The finalists in the news services category are:

William Selway and Martin Z. Braun for "Broken Promises" for Bloomberg News
Mitch Weiss for "Weak Rules Cripple Appraiser Oversight" for Associated Press
Mark Pittman, Elliot Blair Smith, Jesse Westbrook, Bob Ivry and Alison Fitzgerald for "Fed Defies Transparency" for Bloomberg News
Mark Pittman, Aaron Kirchfeld, Jacqueline Simmons and Finbarr Flynn for "Wall Street's Toxic Exports" for Bloomberg News

Feature Writing Category
The finalists in the feature writing category are:

Michael Lewis for "The End" in Conde Nast Portfolio
Kate Kelly for "The Fall of Bear Stearns" in The Wall Street Journal
Daniel Roth for "Driven" in Wired
Simon Clark, Michael Smith and Franz Wild for "China in Africa: Young Workers, Deadly Mines" in Bloomberg Markets

Online Category
The finalists in the online category are:

Gretchen Morgenson, Louise Story, Tara Siegel Bernard and Jenny Anderson for "The Debt Trap" for The New York Times
Rob O'Dell for "Rio Nuevo Audit" for Arizona Daily Star
Art Lenehan, Peggy Collins, Aaron Whallon, Anh Ly, Elizabeth Daza, Joe Farro, Sean Enzwiler, Rachel Elson, Mark Baumgartner, Lauren Barack, Richard Conniff and Judi Hasson for "Middle Class Crunch" for MSN Money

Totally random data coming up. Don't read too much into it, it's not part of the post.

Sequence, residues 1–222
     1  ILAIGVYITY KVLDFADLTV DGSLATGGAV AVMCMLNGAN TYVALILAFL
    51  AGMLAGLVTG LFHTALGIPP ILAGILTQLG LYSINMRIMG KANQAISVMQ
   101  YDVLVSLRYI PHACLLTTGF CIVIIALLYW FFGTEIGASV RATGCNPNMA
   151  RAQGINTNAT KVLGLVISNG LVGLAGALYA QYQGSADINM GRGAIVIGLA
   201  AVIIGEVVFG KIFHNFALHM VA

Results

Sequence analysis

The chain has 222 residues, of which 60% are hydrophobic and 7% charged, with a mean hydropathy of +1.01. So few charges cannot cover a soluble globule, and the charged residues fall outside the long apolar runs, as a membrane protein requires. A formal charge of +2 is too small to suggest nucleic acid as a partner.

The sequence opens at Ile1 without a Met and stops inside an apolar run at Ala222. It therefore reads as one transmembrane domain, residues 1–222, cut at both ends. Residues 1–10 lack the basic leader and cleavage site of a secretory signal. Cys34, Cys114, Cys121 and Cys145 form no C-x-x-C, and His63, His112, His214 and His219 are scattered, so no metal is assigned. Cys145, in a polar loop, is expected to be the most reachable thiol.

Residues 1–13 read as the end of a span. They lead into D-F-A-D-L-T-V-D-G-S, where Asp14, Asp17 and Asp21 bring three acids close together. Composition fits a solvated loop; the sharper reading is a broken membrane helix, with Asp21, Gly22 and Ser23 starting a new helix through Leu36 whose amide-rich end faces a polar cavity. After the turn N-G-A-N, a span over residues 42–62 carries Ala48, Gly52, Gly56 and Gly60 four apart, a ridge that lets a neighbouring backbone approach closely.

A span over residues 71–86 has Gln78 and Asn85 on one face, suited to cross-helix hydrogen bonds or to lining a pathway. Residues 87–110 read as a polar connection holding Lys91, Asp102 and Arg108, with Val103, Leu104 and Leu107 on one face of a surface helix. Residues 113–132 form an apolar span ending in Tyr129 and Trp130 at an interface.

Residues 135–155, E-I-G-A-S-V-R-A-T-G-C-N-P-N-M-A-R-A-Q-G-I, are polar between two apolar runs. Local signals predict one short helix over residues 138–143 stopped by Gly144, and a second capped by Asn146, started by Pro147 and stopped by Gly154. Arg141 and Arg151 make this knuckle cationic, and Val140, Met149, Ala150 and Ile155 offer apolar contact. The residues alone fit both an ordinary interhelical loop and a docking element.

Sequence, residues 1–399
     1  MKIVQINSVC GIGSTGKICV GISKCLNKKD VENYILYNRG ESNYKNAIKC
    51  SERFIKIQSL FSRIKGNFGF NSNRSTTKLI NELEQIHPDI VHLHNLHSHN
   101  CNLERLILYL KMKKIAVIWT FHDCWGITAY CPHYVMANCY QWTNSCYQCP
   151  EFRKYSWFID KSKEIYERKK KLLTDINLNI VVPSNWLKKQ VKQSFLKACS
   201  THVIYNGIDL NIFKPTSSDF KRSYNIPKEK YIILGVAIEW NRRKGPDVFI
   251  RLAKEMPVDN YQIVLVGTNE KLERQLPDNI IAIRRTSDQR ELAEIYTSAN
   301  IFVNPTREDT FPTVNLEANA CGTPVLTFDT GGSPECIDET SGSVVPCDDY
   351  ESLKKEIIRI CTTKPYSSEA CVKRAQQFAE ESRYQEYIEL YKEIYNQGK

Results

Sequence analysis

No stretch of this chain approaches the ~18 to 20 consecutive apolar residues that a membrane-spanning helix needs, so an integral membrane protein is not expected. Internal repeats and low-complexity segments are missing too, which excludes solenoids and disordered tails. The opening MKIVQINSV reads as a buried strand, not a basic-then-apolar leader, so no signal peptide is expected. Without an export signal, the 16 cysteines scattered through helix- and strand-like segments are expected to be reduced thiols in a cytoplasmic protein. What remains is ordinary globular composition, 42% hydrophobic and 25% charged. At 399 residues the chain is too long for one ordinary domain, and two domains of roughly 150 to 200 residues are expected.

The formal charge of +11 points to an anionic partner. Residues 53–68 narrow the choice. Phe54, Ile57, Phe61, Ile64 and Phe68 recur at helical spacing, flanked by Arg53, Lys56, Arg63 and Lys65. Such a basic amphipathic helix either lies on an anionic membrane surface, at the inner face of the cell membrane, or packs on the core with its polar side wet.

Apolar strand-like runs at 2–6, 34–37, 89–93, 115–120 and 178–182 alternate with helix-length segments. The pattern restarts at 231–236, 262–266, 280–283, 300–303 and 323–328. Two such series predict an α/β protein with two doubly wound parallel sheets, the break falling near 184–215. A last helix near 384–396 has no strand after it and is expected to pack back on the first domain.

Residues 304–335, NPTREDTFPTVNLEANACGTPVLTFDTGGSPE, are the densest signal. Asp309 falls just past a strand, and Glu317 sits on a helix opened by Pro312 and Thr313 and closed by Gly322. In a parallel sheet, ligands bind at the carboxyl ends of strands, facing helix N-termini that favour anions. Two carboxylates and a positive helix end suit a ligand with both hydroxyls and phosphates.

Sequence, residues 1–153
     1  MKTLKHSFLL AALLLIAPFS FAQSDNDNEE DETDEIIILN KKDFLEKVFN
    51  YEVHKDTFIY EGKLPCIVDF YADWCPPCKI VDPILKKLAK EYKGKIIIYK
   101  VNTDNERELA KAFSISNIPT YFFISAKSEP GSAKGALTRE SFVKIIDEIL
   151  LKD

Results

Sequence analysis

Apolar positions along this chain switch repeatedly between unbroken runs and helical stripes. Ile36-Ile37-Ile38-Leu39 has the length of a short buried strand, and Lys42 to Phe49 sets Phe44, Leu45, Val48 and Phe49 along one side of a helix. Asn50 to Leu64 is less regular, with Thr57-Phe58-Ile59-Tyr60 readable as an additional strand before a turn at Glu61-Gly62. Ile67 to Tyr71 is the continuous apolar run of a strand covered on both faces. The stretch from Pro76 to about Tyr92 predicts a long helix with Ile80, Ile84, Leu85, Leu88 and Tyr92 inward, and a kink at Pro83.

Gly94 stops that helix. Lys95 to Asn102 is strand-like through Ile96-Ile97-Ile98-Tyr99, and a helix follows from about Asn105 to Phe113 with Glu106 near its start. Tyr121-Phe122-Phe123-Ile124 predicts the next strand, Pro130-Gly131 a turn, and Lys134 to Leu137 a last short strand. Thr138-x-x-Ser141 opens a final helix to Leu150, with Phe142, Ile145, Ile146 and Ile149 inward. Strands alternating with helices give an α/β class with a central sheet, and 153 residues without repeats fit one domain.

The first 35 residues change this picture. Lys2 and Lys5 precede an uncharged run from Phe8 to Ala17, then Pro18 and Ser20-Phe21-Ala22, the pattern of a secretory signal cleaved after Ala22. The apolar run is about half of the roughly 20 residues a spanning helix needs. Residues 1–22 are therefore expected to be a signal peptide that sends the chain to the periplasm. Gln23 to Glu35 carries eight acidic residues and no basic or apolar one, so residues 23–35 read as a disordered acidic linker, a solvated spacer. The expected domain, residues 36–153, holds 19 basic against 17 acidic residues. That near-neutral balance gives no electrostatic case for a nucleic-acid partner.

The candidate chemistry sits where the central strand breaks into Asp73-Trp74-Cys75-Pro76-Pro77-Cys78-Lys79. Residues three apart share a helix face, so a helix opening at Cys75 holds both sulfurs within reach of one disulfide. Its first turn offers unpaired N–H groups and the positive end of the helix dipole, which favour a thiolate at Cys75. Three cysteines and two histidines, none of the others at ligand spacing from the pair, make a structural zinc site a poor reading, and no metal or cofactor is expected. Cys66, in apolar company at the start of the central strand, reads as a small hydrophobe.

The staff of The Boston Globe Business Section for "2008 Globe 100" for The Boston Globe
The staff of The New York Times for "Pogue-o-matic" for The New York Times

Television Breaking News Category
The finalists in the television breaking news category are:

Steve Kroft and L. Franklin Devine for "Economic Crisis: House of Cards" on CBS News/60 Minutes
Samantha Wright, Rebecca White, David Faber, Charlie Gasparino, Steve Liesman, Bertha Coombs, Maria Bartiromo and Michelle Caruso-Cabrera for "Is Your Money Safe: The Fall of Lehman Bros" on CNBC
Jonathan Wald, Tyler Mathisen, David Faber and Mary Catherine Wellons for "David Faber on the Fall of AIG" on CNBC
Bob Orr, Robert Hendin, John Nolen, Jill Jackson and Evelyn Thomas for "Bailout Legislation" on CBS News

Television Enterprise Category
The finalists in the television enterprise category are:

Scott Pelley, Solly Granatstein and Nicole Young for "The Wasteland" on CBS News/60 Minutes
Karin Annus, Gary Matsumoto, Amy Marino, Antony Michels and Mike Schneider for "401(k) Hidden Fees" on Bloomberg TV
Steve Kroft and Andy Court for "The Price of Bananas" on CBS News/60 Minutes
Bob Simon, Michael Gavshon and Drew Magratten for "King of Sushi" on CBS News/60 Minutes

Business Book Category
The finalists in the business book category are: